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Indigestion is often a sign of an underlying problem, such as gastroesophageal reflux disease (GERD), ulcers, or gallbladder disease, rather than a condition of its own.

Also called dyspepsia, it is defined as a persistent or recurrent pain or discomfort in the upper abdomen.

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What Are the Symptoms of Indigestion?

The symptoms of indigestion include:

These symptoms may increase in times of stress.

People often have heartburn (a burning sensation deep in the chest) along with indigestion. But heartburn itself is a different symptom that may indicate another problem.

Who Is at Risk for Indigestion?

People of all ages and of both sexes are affected by indigestion. It's extremely common. An individual's risk increases with:

  • Excess alcohol consumption
  • Use of drugs that may irritate the stomach, such as aspirin and other pain relievers
  • Conditions where there is an abnormality in the digestive tract, such as an ulcer
  • Emotional problems, such as anxiety or depression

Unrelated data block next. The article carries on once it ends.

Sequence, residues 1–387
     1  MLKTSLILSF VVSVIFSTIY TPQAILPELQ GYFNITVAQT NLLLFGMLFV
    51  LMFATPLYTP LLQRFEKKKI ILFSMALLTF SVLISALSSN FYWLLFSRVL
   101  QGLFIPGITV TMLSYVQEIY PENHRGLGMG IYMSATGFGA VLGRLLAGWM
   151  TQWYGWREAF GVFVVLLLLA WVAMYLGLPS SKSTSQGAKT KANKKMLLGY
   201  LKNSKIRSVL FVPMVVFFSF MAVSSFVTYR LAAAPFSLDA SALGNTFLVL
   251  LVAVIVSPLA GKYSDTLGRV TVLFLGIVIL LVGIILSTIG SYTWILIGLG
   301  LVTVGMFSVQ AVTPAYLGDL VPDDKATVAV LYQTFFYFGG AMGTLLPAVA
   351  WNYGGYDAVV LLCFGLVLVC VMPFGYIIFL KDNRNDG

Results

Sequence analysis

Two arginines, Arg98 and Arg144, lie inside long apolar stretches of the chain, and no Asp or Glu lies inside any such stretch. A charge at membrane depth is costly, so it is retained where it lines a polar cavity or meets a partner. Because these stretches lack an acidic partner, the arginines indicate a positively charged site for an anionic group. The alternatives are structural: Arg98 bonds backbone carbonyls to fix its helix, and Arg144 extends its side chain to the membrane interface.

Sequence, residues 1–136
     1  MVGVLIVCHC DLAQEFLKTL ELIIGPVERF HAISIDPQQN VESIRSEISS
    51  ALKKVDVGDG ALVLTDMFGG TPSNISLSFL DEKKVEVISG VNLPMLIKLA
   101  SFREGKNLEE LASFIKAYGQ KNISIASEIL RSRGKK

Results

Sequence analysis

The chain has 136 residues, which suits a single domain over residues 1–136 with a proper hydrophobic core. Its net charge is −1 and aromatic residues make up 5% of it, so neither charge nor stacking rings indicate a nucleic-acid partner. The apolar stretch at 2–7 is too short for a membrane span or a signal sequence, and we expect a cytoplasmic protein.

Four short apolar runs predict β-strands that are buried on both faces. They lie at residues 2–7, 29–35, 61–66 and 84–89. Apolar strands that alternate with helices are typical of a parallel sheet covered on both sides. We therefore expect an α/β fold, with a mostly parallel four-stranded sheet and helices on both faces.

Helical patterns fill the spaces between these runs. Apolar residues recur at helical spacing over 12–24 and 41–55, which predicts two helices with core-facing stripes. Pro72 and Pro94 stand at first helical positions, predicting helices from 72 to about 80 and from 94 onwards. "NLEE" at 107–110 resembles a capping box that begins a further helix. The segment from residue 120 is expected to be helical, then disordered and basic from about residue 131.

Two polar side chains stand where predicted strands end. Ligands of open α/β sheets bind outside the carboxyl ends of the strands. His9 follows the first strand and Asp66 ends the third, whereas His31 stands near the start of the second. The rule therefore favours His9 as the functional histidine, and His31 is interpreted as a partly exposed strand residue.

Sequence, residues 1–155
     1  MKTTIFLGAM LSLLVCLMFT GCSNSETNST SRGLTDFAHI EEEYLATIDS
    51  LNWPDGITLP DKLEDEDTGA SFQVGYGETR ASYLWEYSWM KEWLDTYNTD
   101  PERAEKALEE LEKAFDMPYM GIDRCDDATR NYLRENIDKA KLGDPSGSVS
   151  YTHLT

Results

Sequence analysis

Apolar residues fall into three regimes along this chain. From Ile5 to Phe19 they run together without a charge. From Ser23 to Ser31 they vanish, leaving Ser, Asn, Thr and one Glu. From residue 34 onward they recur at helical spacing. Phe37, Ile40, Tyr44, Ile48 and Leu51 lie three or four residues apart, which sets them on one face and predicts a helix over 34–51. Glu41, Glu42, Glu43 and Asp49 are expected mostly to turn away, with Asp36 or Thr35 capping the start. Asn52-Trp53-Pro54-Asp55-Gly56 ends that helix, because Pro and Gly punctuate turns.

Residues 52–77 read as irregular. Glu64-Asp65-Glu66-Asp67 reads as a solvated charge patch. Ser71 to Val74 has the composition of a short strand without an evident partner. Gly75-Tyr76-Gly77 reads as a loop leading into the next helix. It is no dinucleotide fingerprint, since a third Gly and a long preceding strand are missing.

What Causes Indigestion?

Indigestion has many causes, including:




  • Eating too much, eating too fast, eating high-fat foods, or eating during stressful situations
  • Drinking too much alcohol
  • Cigarette smoking
  • Stress and fatigue

Indigestion is not caused by excess stomach acid.

Swallowing excessive air when eating may increase the symptoms of belching and bloating, which are often associated with indigestion.

Sometimes people have persistent indigestion that is not related to any of these factors. This type of indigestion is called functional, or non-ulcer dyspepsia.

How Is Indigestion Diagnosed?

If you are experiencing symptoms of indigestion, make an appointment to see your doctor. Because indigestion is such a broad term, it is helpful to provide your doctor with a precise description of the discomfort you are experiencing. In describing the symptoms, try to define where in the abdomen the discomfort usually occurs.

Your doctor will rule out any underlying conditions that may be causing your symptoms. Your doctor may perform several blood tests and you may have X-rays of the stomach or small intestine. Your doctor may also suggest you have an upper endoscopy to look closely at the inside of the stomach. During the procedure, an endoscope -- a flexible tube that contains a light and a camera to produce images from inside the body -- is used to look inside your stomach.

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